You must remember that when your child is in school, everything you do is documented. Every conversation that you have, every move that you make, and every word that you say can and will be used against you for the sake of self-preservation; whether it be by school officials or another parent. You must be wise when dealing with matters of your child’s education and safety. If you’re upset at something that happens to your child, get angry in the privacy of your own home, around no electronics and around no children. Once you’ve cooled off then begin to map out your plan of attack. Your child has years ahead of them within the grade school experience. Now is the time to build up currency and credibility for the moment when you do have to come out of character – because there may come a time. However, every situation is not worth crying wolf and displaying it for the world to see.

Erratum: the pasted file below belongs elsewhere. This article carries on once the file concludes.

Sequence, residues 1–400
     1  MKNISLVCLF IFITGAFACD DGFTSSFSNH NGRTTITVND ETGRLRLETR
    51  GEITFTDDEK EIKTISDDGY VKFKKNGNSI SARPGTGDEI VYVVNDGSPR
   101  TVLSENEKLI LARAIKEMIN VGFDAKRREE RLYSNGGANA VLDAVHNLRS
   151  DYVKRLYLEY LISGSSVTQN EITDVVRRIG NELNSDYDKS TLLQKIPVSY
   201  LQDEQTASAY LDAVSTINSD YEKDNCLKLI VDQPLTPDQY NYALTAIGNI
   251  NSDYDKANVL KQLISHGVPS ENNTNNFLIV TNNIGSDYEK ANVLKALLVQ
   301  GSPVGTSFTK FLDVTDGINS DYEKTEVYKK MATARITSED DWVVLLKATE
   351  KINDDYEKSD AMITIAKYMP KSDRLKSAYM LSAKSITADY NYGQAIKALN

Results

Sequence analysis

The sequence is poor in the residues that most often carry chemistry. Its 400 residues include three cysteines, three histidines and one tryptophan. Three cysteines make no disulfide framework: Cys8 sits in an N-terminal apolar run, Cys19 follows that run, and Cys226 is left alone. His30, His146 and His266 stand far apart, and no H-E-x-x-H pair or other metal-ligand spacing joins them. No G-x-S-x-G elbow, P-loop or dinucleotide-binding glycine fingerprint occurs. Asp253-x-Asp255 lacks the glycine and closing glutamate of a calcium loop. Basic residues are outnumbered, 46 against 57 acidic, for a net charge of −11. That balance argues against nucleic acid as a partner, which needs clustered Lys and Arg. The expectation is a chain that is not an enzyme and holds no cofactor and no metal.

Let’s continue to push towards the mark!